Using Figure 3 and continuing with the example,
The SOA-enabled ECMS provides a standards-based approach allowing other systems to deposit reports and documents and maintain those documents over time. This approach involves defining SOA services for distinct document-management functions such as depositing a document or report, or retrieving one. In our example, not only can the initial batch documents be stored, but downstream documents that must be retained, such as the certificate of analysis and electronic batch records can be stored collectively by any system participating in the process. This can help simplify the generation of regulated documents. It enables staff to resolve issues that are tracked in the CAPA system and not have to chase after supporting documents.
The value of SOA. SOA delivers tighter internal integration among players. The SOA-enabled ECMS solution is one example of how SOA can impact the manufacturing environment. SOA brings value to the overall organization as follows.
Although the BioPharma industry is actively addressing its challenges, many current environments are not scalable or responsive enough to meet future demands or to efficiently compete on a global scale. Service Oriented Architecture enables companies to simplify the complex nature of today's BioPharma business to facilitate "smart" system interactions and "built-in" compliance.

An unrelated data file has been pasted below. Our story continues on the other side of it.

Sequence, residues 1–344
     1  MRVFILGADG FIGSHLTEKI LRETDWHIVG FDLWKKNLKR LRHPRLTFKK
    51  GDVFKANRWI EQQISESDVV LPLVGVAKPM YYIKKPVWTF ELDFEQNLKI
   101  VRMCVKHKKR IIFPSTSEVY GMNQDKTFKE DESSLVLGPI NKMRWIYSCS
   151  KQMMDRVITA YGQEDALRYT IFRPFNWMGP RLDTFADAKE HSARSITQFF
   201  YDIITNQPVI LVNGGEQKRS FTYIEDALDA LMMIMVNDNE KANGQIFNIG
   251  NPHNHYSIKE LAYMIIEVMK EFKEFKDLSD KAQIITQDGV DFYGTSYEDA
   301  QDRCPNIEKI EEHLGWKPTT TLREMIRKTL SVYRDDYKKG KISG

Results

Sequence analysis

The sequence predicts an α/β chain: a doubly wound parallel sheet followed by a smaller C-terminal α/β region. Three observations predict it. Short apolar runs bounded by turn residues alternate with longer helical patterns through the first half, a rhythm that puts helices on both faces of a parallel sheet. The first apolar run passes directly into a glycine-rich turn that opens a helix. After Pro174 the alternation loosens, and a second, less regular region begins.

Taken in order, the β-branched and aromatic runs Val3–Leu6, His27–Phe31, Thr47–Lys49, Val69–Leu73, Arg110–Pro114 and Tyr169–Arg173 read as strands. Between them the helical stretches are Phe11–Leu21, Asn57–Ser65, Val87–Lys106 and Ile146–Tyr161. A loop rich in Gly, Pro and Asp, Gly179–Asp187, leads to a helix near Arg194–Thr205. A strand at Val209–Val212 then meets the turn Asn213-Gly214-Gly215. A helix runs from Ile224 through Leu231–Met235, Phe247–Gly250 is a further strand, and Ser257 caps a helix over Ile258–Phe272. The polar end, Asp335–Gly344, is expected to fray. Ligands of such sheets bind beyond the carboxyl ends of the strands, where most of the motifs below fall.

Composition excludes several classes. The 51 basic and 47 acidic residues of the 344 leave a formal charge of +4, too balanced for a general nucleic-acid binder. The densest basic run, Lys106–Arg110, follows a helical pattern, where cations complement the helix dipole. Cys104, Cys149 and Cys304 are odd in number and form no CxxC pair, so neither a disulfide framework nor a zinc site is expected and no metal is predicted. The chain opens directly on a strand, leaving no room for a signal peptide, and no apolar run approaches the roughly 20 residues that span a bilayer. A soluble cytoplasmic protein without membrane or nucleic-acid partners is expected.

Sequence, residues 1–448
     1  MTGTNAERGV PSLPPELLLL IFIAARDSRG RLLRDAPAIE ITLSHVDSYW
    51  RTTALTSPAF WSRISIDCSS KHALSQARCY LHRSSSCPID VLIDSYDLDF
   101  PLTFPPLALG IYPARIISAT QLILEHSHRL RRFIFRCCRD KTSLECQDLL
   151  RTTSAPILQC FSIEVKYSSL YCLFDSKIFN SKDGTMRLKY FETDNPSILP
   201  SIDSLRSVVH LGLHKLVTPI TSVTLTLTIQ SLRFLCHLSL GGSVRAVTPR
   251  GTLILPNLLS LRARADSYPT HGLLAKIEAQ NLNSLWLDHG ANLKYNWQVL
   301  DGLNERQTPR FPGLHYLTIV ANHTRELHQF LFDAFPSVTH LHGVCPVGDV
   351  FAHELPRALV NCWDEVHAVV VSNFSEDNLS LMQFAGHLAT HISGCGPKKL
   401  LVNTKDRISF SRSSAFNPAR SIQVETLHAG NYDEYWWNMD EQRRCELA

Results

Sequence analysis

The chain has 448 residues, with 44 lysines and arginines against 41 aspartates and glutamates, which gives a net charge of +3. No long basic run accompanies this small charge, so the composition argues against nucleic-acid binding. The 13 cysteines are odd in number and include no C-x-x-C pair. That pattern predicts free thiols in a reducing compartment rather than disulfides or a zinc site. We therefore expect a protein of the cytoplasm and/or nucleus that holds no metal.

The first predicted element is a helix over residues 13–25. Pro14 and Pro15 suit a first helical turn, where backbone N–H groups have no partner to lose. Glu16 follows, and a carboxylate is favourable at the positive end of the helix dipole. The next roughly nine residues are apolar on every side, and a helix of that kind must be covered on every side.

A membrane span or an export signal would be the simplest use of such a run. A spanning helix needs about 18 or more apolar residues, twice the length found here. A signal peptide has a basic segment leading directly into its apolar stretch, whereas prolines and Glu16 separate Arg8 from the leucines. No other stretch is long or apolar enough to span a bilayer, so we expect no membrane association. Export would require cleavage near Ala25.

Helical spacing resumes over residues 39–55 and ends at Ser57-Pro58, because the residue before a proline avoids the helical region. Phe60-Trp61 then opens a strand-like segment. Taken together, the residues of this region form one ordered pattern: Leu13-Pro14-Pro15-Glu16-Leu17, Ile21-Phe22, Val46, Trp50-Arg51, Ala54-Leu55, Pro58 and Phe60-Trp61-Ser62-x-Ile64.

SOA can be a little daunting to an organization. Like anything else of this scale, it must be applied with a sense of vision, purpose, and strategy that involves:
SOA allows a step-wise approach to preserving internal investments and aligning the business with the technology that supports it. Once companies begin using SOA services to manage a small portion of their environment, they can scale this efficiency through reusable information and repeatable processes across other departments and with partners. They can then proactively respond to today's changing regulatory environment and competitive landscapes
The collaborative nature of SOA can help address a new level of partnering and global reach that is necessary to stay competitive in the BioPharma industry both for today and the future. The authors expect that BioPharma leaders will make SOA a critical part of their organizational strategies to help them reach out to other organizations and bring the intended benefits to society on a global scale.
Pieter Deurinck* is a managing consultant and worldwide solutions architect for the Life Sciences/Pharmaceuticals team at IBM, Generaal Lemanstraat 69, 2018 Antwerp, Belgium, firstname.lastname@example.orgJay DiMare is an associate partner at IBM Global Business Services. Michael Ricci is a global relationship partner at IBM Global Business Services. Kathleen Martin is a managing consultant for the Life Sciences–Pharma-ceuticals team at the IBM Institute for Business Value.
*To whom all correspondence should be addressed.